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It is well known that some problems in functional analysis and in general topology are independent from ZFC: to name a few, Kaplansky's conjecture, the existence of outer automorphisms of the Calkin algebra, the existence of a Suslin line etc. This is not too surprising, since many results in this fields require a nontrivial amount of set theory to be proved. On the other hand, differential geometry seems to be "higher up" in mathematical complexity (i.e., further away from set theoretical questions) and so it seems reasonable to me that no "natural" statement in diff. geom. is independent from ZFC.

Is that the case? That is, are there some statements which are independent from ZFC (or are conjectured to be)?

Edit: many comments (and the only, at the moment, answer) focused on computably undecidable problems. While this does indeed answer the question as formulated (because at least one instance of the problem must be independent), it is not exactly what I had in mind in that it does not offer an explicit example of an independent statement, or at least I don't see how to get one. So a more precise reformulation of my question is (but I am also very interested in more examples of computably indecidable problems): is there an explicit (in some sense of the word) statement in differential geometry that is (or is conjectured to be) independent from ZFC?

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    $\begingroup$ Does "are these two 4-manifolds diffeomorphic" count as differential geometry? Andrei Markov Jr showed how to take two finite group presentations and build two 4-manifolds that are diffeomorphic iff the corresponding groups are isomorphic. It is possible to construct a finite presentation that presents the trivial group iff $\mathrm{Con}(\mathrm{ZFC})$ is true. By Gödel's second incompleteness theorem, it is therefore independent of ZFC if the two 4-manifolds are diffeomorphic. $\endgroup$ 2 days ago
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    $\begingroup$ @RobertFurber I'd say it counts, although it feels a bit like cheating the question (in that one is basically "embedding" some group theory in diff. geom.) $\endgroup$
    – Pelota
    2 days ago
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    $\begingroup$ In a similar vein to Robert Furber's comment: Matt Foreman has does some work recently showing, for example, that there are diffeomorphisms of the torus such that the question of whether they one is isomorphic to its inverse (in the sense of dynamical systems) is undecidable in ZFC. He does this, roughly, by coding undecidable arithmetic statements into the problem of deciding whether such an isomorphism exists. $\endgroup$
    – Will Brian
    2 days ago
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    $\begingroup$ @BenjaminSteinberg I thought someone might say that. ZFC has a recursively enumerable set of axioms, so we can make a Turing machine $T$ that enumerates all formal proofs starting from the ZFC axioms and halts if it reaches a proof of $0 = 1$. Then $\mathrm{Con}(\mathrm{ZFC})$ is equivalent to the halting problem for $T$. $\endgroup$ 2 days ago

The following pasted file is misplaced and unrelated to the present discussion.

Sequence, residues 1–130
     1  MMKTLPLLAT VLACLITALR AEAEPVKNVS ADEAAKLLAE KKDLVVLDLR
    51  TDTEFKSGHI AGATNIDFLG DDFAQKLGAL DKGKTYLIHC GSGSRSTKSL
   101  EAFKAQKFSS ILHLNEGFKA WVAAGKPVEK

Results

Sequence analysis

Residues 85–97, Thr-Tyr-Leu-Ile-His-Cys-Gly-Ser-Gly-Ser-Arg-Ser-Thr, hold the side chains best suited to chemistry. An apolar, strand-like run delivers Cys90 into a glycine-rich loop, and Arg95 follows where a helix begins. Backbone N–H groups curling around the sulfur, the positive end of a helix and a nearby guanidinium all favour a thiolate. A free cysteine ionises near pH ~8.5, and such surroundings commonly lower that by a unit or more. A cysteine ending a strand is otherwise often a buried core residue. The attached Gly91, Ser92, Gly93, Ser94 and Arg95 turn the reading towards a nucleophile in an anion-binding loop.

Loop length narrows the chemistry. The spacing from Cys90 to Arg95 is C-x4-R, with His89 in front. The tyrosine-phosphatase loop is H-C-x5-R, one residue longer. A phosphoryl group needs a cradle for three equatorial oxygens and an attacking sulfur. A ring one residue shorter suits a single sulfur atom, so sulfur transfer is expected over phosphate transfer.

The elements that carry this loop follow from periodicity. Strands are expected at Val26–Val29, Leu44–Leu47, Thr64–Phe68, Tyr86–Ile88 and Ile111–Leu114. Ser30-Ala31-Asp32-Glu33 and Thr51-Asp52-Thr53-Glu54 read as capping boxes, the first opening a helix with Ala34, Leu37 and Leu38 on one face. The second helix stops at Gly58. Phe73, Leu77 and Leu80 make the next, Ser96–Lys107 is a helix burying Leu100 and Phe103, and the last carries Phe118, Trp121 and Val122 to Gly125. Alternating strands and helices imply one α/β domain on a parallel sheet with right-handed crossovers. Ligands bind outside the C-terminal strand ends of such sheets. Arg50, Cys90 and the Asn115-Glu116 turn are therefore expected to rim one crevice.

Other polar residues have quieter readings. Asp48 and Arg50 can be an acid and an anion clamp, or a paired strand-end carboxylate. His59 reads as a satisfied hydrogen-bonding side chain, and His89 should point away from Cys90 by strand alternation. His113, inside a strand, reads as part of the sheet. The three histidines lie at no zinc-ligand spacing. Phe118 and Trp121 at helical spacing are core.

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    $\begingroup$ @BenjaminSteinberg Every computably undecidable decision problem is saturated with logical undecidability, over any base theory, since otherwise we could solve the problem by searching for proofs. In this sense, any computably undecidable problem of differential geometry will provide an answer to the question, even if one uses much stronger theories than ZFC. $\endgroup$ 2 days ago

2 Answers 2

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[Using the comments for context on undecidability/independence of ZFC]

A computably undecidable problem is whether or not a homology sphere has a metric of positive scalar curvature [Page 79 of Computers, Rigidity, and Moduli].

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  • $\begingroup$ Great answer, thank you! I'll wait a few more days to see if somebody else has something to add before accepting. $\endgroup$
    – Pelota
    yesterday
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An explicit construction from the undecidability problem is this. There is a computer program $C$ that can check whether a (completely formal) proof in ZFC is valid, i.e. whether each step is either an axiom or follows from previous steps by a set of logical rules. Proofs are simply finite length strings drawn from a finite alphabet, so there is a program $S$ that outputs every (valid or invalid) proof one by one, ordered by length and alphabetical order. Now use $C$ to filter out the invalid proofs. This gives you a program that outputs every valid proof. Program $H$ runs through every proof, and when it encounters a proof of $p \land \neg p$, it halts. All of these are very easy but tedious to write out, if you have some basic programming knowledge. Whether this program halts is obviously independent of ZFC.

There is a very constructive proof that constructs a finite presentation of a group, such that whether a particular element $w$ is equal to the identity is equivalent to some program halting. This is done by using a lot of generators to guard the boundaries of symbols, so that there is only one potential path of equational reasoning that the given element is the identity. This path mimics the execution of a program. This construction is explicit, and you can check all the construction details if you have enough time.

Finally, there are ways to construct a 4-manifold for any given finite presentation of a group, so that it is diffeomorphic to another 4-manifold if and only if adding the equation $w = 1$ gives an isomorphic group. This result is mentioned in the comments.

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